Yeah, so. I woke up early this morning to try to get a few things done. In my exhausted state I was entirely ineffectual, and my efforts were for naught. So then I tried to upload my pictures on thisy here blog thingy, and that didn’t work either. Shit! In this fashion, I managed to waste my entire morning, and I had to rush out the door without taking a shower. I had to rush because I had a meeting at 10:00, and I wasn’t quite ready for it.

    Rush, rush, rush.

    So I got here on time, gathered everything together, and then, guess what? I had the time wrong, and the meeting wasn't until 11:00. My entire department was in the room already, and so I looked like a complete, dirty ass (everyone to their credit was very nice about it). Then the meeting lasted two and a half hours, and I hadn’t had anything to eat and not nearly enough coffee. So then I grab my lunch, and people kept coming over to talk to me about work. Fuck off! I wanted to scream.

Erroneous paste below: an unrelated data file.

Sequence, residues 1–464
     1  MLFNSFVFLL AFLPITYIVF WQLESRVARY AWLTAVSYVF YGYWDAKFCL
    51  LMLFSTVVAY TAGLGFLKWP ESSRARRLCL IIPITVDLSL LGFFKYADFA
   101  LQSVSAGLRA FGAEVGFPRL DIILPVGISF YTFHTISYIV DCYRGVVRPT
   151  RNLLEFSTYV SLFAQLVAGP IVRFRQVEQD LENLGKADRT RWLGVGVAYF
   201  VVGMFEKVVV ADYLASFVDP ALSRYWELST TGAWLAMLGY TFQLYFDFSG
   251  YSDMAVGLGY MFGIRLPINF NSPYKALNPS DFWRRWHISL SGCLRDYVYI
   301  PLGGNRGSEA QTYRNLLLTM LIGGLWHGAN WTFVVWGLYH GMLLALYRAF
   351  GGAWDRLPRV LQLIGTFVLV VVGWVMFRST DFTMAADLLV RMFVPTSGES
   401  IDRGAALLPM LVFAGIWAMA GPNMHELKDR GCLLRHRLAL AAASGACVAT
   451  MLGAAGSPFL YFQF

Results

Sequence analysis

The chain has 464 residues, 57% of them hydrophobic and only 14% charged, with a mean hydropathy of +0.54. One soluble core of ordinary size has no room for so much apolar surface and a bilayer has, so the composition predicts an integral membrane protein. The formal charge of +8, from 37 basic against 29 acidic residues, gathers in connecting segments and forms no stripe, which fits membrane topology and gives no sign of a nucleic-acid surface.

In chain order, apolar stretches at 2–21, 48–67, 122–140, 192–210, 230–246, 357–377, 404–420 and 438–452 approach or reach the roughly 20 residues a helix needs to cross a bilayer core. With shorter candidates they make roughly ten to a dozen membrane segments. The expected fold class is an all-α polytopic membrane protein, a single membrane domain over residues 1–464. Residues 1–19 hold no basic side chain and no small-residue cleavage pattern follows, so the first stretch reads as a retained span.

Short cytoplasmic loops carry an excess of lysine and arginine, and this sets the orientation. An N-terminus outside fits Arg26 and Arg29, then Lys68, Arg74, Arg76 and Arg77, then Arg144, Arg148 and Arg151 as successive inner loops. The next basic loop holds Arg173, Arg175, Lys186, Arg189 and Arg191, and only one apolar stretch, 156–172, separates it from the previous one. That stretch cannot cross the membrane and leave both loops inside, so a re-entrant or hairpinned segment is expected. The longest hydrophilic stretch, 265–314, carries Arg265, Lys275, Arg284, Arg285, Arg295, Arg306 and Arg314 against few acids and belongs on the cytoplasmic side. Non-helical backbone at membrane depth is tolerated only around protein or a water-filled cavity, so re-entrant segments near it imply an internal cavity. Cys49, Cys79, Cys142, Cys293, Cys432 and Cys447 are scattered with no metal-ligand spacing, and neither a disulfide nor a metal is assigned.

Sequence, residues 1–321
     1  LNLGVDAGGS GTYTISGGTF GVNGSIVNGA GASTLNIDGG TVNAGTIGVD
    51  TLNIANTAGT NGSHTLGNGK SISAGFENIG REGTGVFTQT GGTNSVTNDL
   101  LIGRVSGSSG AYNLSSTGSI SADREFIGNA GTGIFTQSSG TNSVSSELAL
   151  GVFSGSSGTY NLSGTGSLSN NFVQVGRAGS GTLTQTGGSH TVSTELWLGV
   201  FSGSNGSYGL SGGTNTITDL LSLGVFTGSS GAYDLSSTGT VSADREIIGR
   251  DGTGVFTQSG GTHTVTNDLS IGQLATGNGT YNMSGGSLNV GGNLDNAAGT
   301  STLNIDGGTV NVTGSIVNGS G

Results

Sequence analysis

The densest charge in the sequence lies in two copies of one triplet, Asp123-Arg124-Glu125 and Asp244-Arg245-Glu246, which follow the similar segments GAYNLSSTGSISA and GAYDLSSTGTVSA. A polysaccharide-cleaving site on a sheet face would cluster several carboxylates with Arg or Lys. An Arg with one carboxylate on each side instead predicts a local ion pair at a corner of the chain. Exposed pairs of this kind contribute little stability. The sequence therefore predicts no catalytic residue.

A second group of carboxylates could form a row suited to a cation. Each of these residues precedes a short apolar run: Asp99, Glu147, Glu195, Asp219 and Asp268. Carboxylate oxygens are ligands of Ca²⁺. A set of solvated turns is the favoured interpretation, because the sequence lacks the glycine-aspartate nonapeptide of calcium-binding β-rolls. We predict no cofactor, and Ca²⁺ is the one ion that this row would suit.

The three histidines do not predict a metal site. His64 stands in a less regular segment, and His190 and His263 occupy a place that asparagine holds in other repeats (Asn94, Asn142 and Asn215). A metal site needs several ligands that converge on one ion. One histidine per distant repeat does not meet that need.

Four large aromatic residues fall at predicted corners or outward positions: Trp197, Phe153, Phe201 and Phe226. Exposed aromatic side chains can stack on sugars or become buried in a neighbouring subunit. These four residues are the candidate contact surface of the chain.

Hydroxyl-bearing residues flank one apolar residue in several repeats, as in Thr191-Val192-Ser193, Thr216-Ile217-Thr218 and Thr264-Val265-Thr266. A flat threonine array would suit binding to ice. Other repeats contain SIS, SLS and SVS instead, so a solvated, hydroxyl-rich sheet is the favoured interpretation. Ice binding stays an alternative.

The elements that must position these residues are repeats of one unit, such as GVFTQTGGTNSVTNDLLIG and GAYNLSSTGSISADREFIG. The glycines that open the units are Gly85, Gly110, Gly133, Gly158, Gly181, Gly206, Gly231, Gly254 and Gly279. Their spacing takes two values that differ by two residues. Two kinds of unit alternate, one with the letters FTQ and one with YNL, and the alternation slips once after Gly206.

Then I had to go to the Post Office to mail a package. I got there, and there were only two people ahead of me in line and two tellers. Perfect! Then one of the tellers went on break, someone else got to cut in line because they were being helped someplace else, and the customer in front of me had several packages and some specific demands. Finally it was my turn, and the postal worker was trying to figure out the new system, so it took nearly ten minutes to buy a stamp and mail a package.